Microsoft's SmartGlass Seems Legit, But It's No Wii U Controller
E3 2012: Microsoft's SmartGlass software turns your mobile device into a touch-screen remote for the Xbox 360. Unfortunately, it's not ideal for gaming.
Microsoft is ever searching for ways to legitimize the Xbox 360 as more than a gaming console. Its latest announcement, SmartGlass, integrates your console with a phone or tablet with the Xbox 360 as a wireless remote and secondary monitor. It lives on mobile devices as an app, and Microsoft is touting that your "intelligent companion" will turn any TV into a Smart TV, essentially allowing you to access Web content from your couch. For some, this will prove to be a valuable tool in their media arsenal, but the gaming-centric crowd might not benefit as much as Microsoft hopes. Then again, based on its presentation, that may have been its plan all along.
It's natural to draw comparisons to the Wii U's GamePad, but there are drastic differences. Firstly, the Wii U uses the touch-screen controller as its primary means of input, negating the need to juggle devices. Take the Madden SmartGlass demo during the presentation--you pick up a tablet to choose a play, you put down the tablet and pick up your controller to execute the chosen play, and then pick up the tablet to restart the whole process again. That sounds like an unbelievable pain in the ass that gets in the way of the task at hand: gaming.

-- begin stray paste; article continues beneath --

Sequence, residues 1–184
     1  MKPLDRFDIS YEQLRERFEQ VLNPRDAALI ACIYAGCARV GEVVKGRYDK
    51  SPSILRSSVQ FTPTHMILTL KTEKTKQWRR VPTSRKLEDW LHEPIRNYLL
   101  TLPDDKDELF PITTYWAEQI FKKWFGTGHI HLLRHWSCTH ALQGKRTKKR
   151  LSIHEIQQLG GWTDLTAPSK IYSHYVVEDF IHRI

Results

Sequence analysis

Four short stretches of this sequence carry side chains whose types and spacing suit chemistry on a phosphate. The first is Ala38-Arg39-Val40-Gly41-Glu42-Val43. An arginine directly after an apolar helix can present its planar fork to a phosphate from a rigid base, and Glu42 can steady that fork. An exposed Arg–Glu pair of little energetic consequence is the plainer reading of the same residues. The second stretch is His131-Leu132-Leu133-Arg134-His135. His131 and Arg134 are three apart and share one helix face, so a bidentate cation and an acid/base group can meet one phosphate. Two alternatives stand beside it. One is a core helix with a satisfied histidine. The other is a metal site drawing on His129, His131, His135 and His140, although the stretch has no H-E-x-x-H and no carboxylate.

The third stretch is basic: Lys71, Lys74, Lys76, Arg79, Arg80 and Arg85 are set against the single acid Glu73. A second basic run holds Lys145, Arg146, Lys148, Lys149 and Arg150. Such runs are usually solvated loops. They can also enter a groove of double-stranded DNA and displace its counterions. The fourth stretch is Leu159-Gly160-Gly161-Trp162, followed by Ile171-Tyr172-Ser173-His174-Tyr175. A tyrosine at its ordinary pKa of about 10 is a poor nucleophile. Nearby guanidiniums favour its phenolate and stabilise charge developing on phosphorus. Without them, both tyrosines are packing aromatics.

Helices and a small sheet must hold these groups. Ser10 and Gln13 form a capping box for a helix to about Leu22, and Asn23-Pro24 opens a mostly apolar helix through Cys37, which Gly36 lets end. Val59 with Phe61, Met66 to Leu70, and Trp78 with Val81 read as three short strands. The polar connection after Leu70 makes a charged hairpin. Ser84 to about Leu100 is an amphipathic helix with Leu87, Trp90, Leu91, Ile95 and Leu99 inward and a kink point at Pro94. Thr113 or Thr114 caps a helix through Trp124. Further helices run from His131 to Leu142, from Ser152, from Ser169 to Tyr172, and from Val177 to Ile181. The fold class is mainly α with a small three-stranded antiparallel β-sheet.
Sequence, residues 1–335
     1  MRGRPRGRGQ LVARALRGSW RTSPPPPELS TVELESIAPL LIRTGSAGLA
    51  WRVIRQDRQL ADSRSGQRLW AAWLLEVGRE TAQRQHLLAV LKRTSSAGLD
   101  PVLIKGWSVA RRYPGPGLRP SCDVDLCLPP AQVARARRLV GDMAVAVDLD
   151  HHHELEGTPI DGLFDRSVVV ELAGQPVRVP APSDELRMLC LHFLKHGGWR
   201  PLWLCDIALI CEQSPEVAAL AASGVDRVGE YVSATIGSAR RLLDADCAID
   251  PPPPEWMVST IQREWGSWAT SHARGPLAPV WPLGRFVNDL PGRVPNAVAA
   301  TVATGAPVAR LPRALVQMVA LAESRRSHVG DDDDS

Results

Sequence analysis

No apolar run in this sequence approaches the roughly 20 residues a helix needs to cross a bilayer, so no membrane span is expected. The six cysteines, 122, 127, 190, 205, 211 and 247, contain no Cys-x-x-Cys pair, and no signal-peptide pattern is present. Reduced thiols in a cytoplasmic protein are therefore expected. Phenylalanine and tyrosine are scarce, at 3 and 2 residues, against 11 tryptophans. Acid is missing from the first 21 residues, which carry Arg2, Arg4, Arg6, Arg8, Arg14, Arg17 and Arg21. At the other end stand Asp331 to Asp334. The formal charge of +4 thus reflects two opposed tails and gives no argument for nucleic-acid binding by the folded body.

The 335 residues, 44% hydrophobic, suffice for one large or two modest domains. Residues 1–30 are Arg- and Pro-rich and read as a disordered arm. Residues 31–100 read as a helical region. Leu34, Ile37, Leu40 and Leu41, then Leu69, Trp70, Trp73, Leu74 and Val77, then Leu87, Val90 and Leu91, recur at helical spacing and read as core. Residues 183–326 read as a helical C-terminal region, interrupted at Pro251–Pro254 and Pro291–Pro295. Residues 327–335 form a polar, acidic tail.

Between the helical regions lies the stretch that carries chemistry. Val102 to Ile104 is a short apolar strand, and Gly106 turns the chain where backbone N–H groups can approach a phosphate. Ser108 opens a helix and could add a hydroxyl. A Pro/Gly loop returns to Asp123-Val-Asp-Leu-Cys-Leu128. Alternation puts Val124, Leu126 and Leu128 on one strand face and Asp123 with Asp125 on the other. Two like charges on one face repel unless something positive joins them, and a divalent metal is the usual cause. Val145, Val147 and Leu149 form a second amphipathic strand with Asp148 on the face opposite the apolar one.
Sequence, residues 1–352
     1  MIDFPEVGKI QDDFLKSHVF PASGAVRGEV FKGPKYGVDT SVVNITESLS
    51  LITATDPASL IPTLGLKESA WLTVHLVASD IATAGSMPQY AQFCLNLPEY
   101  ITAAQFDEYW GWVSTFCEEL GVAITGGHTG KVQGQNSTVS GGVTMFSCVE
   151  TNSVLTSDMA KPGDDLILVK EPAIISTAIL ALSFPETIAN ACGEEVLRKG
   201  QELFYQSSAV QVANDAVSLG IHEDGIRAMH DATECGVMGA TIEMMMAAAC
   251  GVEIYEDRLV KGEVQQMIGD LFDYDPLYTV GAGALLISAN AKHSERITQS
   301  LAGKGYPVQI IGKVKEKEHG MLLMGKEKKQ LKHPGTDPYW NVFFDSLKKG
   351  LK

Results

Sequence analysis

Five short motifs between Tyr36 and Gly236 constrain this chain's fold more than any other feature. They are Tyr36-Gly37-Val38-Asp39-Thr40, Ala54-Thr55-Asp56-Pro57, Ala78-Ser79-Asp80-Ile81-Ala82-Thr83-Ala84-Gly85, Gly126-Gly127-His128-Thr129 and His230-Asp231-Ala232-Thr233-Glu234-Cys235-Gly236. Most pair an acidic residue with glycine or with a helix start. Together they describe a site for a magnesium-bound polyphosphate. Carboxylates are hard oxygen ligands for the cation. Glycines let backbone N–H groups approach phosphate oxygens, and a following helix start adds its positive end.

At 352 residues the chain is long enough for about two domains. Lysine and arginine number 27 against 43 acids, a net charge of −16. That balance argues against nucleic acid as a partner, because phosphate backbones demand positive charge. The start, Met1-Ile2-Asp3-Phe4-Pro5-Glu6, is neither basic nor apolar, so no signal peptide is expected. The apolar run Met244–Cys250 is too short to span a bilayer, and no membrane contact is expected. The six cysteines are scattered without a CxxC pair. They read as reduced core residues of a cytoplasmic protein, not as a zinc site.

It's unlikely that developers will be wooed into making SmartGlass-only games as the hardware it lives on can vary greatly between users. We'll see support for SmartGlass within games, but it will likely remain optional, lest Microsoft alienate customers who don't already own a mobile device. Wii U games on the other hand are being designed with the ability to take advantage of this tech from the get-go on a standardized controller, solving all of the aforementioned problems present in SmartGlass as a means of controlling games.
Once the Wii U gets off the ground, it will be interesting to see if Microsoft tries to make a move on its territory. Microsoft can sit back and watch Nintendo struggle through the growing pains of the Wii U and learn from its inevitable mistakes, without the risk of developing a new console with an unheard-of control scheme. When the right idea comes along, you can be sure Microsoft will do its best to capitalize on the concept and make it its own. If it does make a significant move into SmartGlass gaming territory post Wii U launch, that would create an interesting dynamic between the two companies.
Without any mention of additional costs associated with SmartGlass, it seems that people who own an Xbox and a smartphone/tablet can take advantage of these features next fall. It won't necessarily revolutionize gaming, and Microsoft likely won't make a dollar off the app, but it's a valuable asset for its portfolio. It has done a good job of building up the media capabilities of the Xbox 360 since its release, and SmartGlass serves these existing capabilities in an innovative way. In that realm, it's a great, if not long overdue, development.